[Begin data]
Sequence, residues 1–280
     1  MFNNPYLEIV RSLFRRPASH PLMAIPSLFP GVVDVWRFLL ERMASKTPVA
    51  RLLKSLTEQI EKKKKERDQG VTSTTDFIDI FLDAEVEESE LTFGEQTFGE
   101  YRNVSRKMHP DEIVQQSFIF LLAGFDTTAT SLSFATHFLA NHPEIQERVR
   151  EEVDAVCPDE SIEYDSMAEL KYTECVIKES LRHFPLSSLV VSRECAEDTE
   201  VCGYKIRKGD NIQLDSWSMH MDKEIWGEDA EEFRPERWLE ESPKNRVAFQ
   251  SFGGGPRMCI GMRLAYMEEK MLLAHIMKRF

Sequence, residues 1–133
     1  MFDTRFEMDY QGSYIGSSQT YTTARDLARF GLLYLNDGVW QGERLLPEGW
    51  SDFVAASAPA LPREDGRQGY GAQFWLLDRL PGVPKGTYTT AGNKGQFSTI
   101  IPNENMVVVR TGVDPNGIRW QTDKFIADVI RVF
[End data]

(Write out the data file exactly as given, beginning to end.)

Sequence, residues 1–280
     1  MFNNPYLEIV RSLFRRPASH PLMAIPSLFP GVVDVWRFLL ERMASKTPVA
    51  RLLKSLTEQI EKKKKERDQG VTSTTDFIDI FLDAEVEESE LTFGEQTFGE
   101  YRNVSRKMHP DEIVQQSFIF LLAGFDTTAT SLSFATHFLA NHPEIQERVR
   151  EEVDAVCPDE SIEYDSMAEL KYTECVIKES LRHFPLSSLV VSRECAEDTE
   201  VCGYKIRKGD NIQLDSWSMH MDKEIWGEDA EEFRPERWLE ESPKNRVAFQ
   251  SFGGGPRMCI GMRLAYMEEK MLLAHIMKRF

Sequence, residues 1–133
     1  MFDTRFEMDY QGSYIGSSQT YTTARDLARF GLLYLNDGVW QGERLLPEGW
    51  SDFVAASAPA LPREDGRQGY GAQFWLLDRL PGVPKGTYTT AGNKGQFSTI
   101  IPNENMVVVR TGVDPNGIRW QTDKFIADVI RVF